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Monday, July 11, was an extremely busy day. The phone started ringing around 8:00 a.m. and it was busy until we finished up around 5:00 p.m. Why would it be so busy in the middle of July when many states don’t have deadlines until the end of the year???

It was so busy because the State Bar of California sent out over 6,000 MCLE audit letters to California attorneys the week of July 4th. Once those audit letters hit mailboxes, we were getting calls from frantic attorneys all over the state calling us to make sure they completed the correct amount of total and specialty hours.

That’s right, the audit is real. If you properly completed your California MCLE requirement, congratulations. You just have need to spend a few hours uploading CLE information and certificates on the Cal Bar website.

If you were audited and you did not complete the MCLE requirement, I have one piece of advice for you – the cover up is worse than the crime. Whatever you do, do NOT lie to the Cal Bar. Simply cure your CLE deficiency, pay any penalties or fines and continue to practice law in California. A number of attorneys have been disbarred on moral turpitude grounds because they didn’t complete the required MCLE and then were dishonest with the Cal Bar.

If this is not your California MCLE compliance cycle or you did not get audited this time around, please make sure to take your CA CLE requirement seriously. You would be amazed at how many attorneys don’t complete all 25 credit hours, forget to take at least 12.5 hours for participatory credit or don’t complete 4 ethics, 1 bias and 1 competence issues.

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FL CLE: Can I Carry CLE Hours Forward to the Next Compliance Period?

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Members of the Florida Bar are subject to the CLER. Florida attorneys must complete and report 30 total FL CLE credit hours every three-year reporting cycle to fulfill the CLER.[1] This compliance and reporting requirement is called the Continuing Legal Education Requirement (CLER) in Florida.

Florida does NOT allow CLER credit hours to be carried over from one compliance period to the next.

But does Florida allow you to carry over CLE hours from one compliance to the next? No, Florida does NOT allow CLE credit hours to be carried over from one compliance period to the next. To access more information about Florida CLE please click the following link: FL CLE.

[1] Your FL CLE reporting cycle is chosen randomly by a computer program.

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CLE on Bankruptcy, Money Laundering & Terrorism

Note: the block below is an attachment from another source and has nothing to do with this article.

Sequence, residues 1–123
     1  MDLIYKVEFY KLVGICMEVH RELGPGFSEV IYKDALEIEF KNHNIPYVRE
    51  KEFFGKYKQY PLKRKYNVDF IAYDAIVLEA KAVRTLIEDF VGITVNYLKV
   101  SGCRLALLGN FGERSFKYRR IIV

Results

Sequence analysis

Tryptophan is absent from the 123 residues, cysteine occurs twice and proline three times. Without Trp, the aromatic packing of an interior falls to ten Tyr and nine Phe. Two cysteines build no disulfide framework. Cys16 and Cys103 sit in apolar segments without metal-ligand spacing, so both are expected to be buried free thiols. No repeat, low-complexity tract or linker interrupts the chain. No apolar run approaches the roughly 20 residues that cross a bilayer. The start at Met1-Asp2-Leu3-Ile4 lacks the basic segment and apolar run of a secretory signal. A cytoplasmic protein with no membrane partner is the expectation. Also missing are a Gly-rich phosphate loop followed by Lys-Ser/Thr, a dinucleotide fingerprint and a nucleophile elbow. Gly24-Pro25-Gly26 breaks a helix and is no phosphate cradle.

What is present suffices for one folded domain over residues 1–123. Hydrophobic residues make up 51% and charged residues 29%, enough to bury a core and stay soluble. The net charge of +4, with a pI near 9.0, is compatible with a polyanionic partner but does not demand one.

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Spearheaded by the Financial Action Task Force (FATF), leaders and governments have sought to monitor and suppress money laundering and terrorism financing around the globe. This became even more pressing here at home after the 9/11 terror attacks. Due to our legal system and the use of anonymous entities like LLCs, the United States is an easy place to hide money and terrorists have begun using our financial and legal systems to launder dirty money and clandestinely move it around the world to finance terrorist and other illegal operations. Unfortunately for attorneys, there is a very fine line between assisting clients and crossing into criminal activity.

Dirty money gets produced by organized crime and other criminals though drug trafficking, prostitution, tax evasion, corruption, financial crime and many other sources.

Peter W. Bowie, the former Chief Judge of the U.S. Bankruptcy Court for the Southern District of California, has seen these matters develop first hand from his view from the bench. In this CLE course, Judge Bowie explores the evolving link between bankruptcy, money laundering & terrorist financing and the attorney’s duty to investigate. The main topics addressed by Judge Bowie include money laundering around the globe, the use of anonymous entities to hide money and the attorneys increased duty to investigate. To access this course please click here: Bankruptcy, Money Laundering and Terrorist Financing.

Additional topics presented in this CLE course:

  • The Financial Action Task Force (FATF) on Money Laundering’s 40 recommendations
  • The 2002 ABA Task Force
  • ABA Formal Opinion 463
  • Risk based client due diligence
  • How individuals hide money from creditors
  • The anonymous purchase of numerous high end American properties
    The 2016 GlobalWitness.org report
  • The Panama Papers
  • Confidentiality
  • Attorney-client privilege
  • Rule 11
  • Recent case law regarding attorney investigations